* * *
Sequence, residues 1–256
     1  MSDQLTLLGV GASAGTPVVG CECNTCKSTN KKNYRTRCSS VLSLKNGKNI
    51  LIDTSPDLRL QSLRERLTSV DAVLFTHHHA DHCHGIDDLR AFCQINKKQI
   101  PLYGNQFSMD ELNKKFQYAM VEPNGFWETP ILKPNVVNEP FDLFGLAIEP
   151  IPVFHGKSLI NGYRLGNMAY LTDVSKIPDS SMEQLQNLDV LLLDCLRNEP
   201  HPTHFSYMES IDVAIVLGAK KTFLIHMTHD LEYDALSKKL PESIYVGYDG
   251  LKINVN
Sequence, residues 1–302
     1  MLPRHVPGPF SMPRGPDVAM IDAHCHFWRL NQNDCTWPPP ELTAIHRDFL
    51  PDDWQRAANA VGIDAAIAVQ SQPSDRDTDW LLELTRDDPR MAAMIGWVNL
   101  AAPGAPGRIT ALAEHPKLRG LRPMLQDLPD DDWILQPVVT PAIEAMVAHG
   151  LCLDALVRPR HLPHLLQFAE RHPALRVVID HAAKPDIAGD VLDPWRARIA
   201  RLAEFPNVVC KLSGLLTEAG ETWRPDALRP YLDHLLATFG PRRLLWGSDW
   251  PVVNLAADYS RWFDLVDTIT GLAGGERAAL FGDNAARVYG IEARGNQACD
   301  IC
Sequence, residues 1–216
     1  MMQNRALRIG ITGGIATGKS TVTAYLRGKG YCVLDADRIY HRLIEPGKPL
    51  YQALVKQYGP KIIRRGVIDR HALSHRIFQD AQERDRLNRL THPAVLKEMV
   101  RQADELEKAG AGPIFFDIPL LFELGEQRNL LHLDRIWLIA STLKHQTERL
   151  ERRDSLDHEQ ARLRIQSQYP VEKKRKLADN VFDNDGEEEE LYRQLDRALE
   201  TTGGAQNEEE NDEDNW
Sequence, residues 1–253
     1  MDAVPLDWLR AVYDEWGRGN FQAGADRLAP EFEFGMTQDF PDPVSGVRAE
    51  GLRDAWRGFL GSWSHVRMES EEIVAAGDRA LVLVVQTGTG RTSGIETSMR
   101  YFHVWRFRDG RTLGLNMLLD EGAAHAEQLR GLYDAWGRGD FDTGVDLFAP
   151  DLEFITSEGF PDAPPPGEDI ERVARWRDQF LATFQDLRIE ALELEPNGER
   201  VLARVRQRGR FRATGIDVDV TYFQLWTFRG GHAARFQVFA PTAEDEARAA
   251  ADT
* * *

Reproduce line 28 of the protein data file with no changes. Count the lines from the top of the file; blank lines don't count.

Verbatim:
   251  ADT